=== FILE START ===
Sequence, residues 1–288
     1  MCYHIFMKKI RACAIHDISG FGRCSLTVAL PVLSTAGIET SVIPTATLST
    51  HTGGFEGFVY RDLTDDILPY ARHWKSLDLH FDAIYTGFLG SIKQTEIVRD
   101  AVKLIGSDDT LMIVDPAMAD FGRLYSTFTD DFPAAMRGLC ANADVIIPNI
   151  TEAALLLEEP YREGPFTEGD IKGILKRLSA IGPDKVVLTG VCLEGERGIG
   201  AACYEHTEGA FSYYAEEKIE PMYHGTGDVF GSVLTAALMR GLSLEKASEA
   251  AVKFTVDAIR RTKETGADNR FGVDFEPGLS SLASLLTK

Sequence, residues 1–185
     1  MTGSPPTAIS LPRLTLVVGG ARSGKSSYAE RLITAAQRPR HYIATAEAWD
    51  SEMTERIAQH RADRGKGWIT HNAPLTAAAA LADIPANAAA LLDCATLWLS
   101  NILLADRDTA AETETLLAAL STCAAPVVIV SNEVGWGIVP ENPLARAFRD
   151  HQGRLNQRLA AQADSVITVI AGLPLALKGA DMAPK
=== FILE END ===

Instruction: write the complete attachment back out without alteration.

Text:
Sequence, residues 1–288
     1  MCYHIFMKKI RACAIHDISG FGRCSLTVAL PVLSTAGIET SVIPTATLST
    51  HTGGFEGFVY RDLTDDILPY ARHWKSLDLH FDAIYTGFLG SIKQTEIVRD
   101  AVKLIGSDDT LMIVDPAMAD FGRLYSTFTD DFPAAMRGLC ANADVIIPNI
   151  TEAALLLEEP YREGPFTEGD IKGILKRLSA IGPDKVVLTG VCLEGERGIG
   201  AACYEHTEGA FSYYAEEKIE PMYHGTGDVF GSVLTAALMR GLSLEKASEA
   251  AVKFTVDAIR RTKETGADNR FGVDFEPGLS SLASLLTK

Sequence, residues 1–185
     1  MTGSPPTAIS LPRLTLVVGG ARSGKSSYAE RLITAAQRPR HYIATAEAWD
    51  SEMTERIAQH RADRGKGWIT HNAPLTAAAA LADIPANAAA LLDCATLWLS
   101  NILLADRDTA AETETLLAAL STCAAPVVIV SNEVGWGIVP ENPLARAFRD
   151  HQGRLNQRLA AQADSVITVI AGLPLALKGA DMAPK